The Last House on the Left | Horror/Remake | rated R (A,L,N,V,G,RP) | starring Sara Paxton, Tony Goldwyn, Monica Potter, Garret Dillahunt, Aaron Paul, Spencer Treat Clark | directed by Dennis Iliadis | 1:50 mins

At their vacation house in the middle of nowhere, John and Emma’s daughter Mari (Sara Paxton) runs off to hang out with her local friend Paige (Martha MacIsaac) and the two find themselves meeting up in a hotel with young Justin (Spencer Treat Clark). The rest of Justin’s family (including Aaron Paul, Breaking Bad) show up and having just busted dad (Garret Dillahunt, The Sarah Conner Chronicles) out of prison they kidnap the girls and take them on the run with them. As the escape goes to hell, the girls suffer horrifying fates at the hands of their captors, who leave them to die and take refuge in the closest house they can find – the vacation home of John (Tony Goldwyn) and Emma (Monica Potter).

Wes Craven’s 1972 The Last House on the Left maybe a cult classic for it’s ground-breakingly realistic violence, but it is a film that to be kind doesn’t hold up well and to be perfectly honest is very close to terrible. Decades removed from the original shock you can see what a mess it is, swinging wildly back and forth in tone from horrific rape to a bizarre comic subplot out of The Apple Dumpling Gang in which two bumbling cops hitch a ride on a pig truck. Craven’s “He Haw” choice of music is equally off putting. Take all of that into Dennis Iliadis’ Craven-sanctioned version and you have a remake that is better than the original. If only because it takes the events as deadly seriously as a horror film should.

While remakes usually all get lumped together as “Hollywood”, it is worth noting that Last House is not a Platinum Dunes production (The Texas Chainsaw Massacre, Friday the 13th) and free of the music video approach, sexual undertones, pornographic blood-lust, anemic screenplays and unnecessarily show-offish cinematography that comes with a Michael Bay production. Iliadis’ movie goes for gritty, preferring to move on a slow burn of suspense. And for the most part, that works for it. It’s the payoffs that don’t quite delivery.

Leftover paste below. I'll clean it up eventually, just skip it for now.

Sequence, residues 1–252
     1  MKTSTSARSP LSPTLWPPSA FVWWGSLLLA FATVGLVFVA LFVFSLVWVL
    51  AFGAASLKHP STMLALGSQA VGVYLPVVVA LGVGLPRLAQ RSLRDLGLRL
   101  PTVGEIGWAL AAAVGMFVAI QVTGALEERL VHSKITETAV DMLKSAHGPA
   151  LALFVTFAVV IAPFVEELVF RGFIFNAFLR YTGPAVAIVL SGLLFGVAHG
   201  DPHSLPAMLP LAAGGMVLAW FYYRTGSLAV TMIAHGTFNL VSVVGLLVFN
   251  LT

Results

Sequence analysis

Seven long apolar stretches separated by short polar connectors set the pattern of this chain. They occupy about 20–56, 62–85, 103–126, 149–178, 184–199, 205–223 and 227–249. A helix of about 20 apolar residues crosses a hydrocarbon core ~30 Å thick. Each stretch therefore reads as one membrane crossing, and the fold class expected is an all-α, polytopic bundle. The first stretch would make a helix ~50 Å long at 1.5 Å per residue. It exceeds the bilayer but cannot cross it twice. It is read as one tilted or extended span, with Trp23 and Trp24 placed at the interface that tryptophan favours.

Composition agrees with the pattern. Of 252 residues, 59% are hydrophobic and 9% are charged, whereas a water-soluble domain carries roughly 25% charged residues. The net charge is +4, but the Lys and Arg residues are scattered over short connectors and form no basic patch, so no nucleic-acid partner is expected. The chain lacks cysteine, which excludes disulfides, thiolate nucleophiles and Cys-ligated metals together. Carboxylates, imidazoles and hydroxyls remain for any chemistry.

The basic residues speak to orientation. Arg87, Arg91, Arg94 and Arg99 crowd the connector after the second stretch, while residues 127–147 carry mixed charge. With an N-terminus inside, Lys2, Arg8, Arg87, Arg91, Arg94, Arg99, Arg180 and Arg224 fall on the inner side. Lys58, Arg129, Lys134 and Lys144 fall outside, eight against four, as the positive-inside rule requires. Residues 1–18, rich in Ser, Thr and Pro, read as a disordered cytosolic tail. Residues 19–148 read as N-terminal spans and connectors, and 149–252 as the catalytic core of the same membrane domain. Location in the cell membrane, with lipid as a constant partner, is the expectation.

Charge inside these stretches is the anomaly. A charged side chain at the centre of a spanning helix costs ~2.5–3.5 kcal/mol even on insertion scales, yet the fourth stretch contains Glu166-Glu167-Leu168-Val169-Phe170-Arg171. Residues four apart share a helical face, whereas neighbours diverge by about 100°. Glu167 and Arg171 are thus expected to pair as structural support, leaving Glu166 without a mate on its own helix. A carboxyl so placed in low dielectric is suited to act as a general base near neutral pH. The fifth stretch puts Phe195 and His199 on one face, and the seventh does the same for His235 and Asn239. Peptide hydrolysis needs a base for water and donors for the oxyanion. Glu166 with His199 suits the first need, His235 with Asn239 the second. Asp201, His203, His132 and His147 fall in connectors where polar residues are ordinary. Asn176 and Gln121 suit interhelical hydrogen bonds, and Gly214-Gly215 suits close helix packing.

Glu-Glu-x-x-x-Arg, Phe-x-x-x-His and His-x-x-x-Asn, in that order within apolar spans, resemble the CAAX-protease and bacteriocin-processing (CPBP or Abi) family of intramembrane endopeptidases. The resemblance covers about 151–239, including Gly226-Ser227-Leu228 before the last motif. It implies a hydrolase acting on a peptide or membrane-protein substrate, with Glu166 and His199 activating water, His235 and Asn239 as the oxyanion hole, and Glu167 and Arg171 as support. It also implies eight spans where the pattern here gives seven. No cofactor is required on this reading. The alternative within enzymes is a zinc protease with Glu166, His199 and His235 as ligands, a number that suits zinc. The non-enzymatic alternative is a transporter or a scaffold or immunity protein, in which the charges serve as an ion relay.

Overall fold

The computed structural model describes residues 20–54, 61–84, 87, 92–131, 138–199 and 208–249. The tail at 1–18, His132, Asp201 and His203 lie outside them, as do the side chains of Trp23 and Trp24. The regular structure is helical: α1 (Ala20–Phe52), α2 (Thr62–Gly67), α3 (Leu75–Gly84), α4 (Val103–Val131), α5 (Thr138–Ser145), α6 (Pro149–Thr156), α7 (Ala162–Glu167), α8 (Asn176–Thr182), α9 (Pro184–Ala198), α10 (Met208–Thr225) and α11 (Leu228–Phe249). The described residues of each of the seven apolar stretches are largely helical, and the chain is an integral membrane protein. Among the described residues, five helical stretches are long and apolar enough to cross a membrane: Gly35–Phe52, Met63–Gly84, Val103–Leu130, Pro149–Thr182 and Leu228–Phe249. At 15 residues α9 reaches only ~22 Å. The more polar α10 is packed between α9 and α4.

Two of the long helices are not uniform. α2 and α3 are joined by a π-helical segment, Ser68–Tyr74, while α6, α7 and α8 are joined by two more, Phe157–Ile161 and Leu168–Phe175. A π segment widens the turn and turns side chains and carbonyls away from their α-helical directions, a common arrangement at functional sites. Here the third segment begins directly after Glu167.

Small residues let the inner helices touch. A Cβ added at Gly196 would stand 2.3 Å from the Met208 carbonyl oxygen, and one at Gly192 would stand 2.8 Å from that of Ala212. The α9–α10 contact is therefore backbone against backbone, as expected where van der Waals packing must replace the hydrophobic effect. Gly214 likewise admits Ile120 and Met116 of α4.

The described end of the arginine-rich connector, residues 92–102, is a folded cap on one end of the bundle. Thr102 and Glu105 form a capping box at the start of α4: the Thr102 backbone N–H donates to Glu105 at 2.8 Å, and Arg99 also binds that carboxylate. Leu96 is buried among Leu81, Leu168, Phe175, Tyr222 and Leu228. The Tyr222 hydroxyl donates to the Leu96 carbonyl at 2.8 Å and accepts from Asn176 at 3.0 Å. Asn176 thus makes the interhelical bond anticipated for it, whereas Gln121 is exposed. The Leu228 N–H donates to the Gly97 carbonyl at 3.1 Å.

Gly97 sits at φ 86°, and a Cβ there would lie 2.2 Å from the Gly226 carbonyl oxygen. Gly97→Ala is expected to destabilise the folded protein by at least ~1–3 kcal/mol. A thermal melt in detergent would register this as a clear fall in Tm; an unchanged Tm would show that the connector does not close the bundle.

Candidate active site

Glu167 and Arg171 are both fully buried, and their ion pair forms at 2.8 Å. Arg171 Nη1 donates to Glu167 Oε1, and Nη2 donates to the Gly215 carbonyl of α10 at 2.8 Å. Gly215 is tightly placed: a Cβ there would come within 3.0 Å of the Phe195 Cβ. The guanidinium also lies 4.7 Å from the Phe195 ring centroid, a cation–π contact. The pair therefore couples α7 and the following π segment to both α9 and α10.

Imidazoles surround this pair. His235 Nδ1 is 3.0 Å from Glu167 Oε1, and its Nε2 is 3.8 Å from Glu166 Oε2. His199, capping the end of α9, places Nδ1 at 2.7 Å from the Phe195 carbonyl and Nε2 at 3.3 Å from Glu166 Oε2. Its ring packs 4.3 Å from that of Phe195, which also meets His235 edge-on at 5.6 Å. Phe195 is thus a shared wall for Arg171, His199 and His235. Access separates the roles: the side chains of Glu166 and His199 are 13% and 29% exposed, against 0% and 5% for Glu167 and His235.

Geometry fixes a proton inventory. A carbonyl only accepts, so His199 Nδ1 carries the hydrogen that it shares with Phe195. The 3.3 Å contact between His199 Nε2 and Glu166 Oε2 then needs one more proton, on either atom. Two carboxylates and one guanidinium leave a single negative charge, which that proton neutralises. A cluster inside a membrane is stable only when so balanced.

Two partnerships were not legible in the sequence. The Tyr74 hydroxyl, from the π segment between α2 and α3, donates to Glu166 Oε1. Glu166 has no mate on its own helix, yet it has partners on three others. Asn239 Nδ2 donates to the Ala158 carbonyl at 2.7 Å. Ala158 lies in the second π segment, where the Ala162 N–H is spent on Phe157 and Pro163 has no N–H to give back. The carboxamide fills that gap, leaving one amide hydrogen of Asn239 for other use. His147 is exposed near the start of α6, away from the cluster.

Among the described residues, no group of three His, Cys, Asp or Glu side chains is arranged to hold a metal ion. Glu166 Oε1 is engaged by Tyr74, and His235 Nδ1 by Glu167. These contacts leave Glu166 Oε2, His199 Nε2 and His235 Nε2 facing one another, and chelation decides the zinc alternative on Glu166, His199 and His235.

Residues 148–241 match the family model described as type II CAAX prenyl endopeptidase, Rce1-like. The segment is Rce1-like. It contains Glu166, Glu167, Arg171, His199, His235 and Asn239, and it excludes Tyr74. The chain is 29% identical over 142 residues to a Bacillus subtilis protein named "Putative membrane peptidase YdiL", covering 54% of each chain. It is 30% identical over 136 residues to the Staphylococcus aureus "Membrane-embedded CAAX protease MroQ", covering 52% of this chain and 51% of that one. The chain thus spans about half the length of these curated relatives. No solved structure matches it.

While more developed than the original in just about every way, I still didn’t quite connect with Last House 2009. I trace that back to the characters. They are purely utilitarian. We know that John is a doctor, Mari is a swimmer and Justin is the weakling brother with a conscience because the story needs them to be. This story is based on a deliciously wonderful what-would-you-do story of revenge. How far would you go if you had the chance to punish those that hurt your child? To keep audiences identifying the movie keeps John and Emma hollow enough for the viewer to put themselves in. Worse are the villains. For a revenge movie as nasty as this I need to hate the villains to root for their demise. As heinous as their actions are the movie suffers from the miscasting of Dillahunt as the main baddie. Dillahunt plays more like a guy who is about to bust out a movie quote, crack a one-liner or sell you a used pick-up at a low, low price then a monster. Throw on top of that Justin’s conscience that will clearly tear the group apart and they come off as bumbling fish in a barrel. More hillbillies than a real threat.

Things get off to a promising start when the movie shifts into the revenge section. The first revenge kill is a deliberately set up and paid off one. Idialis holds the suspense string as long as he can before letting it explode in realistically sloppy and brutal bit of violence. From there it kind of goes to hell. The goofy Home Alone traps of the original (just because it was first doesn’t make it any less goofy) are gone, but in their place is sheer chaos and action covered in dark lighting. Not once, but twice, is a fight broken up with a third party busting in with a gun to someone’s head. It is a frenzied and arguably too simple climax in which the slow burn of suspense the film has been building gets completely snuffed out.

Last House is a well made, but empty movie. The insoluble problem the remake faces is that in the years since the original so many other movies have ripped it off, especially in the millenium’s era of torture porn, that it’s hard to shake the feeling we’ve been-here-done-this with the movie. Idialis can craft a suspense set-piece, if only he could have maintained that focus and infused the movie with a blood-boiling burn of patriarchal revenge it so desperately wants. But The Last House on the Left is that rare animal. A remake that is superior to the original.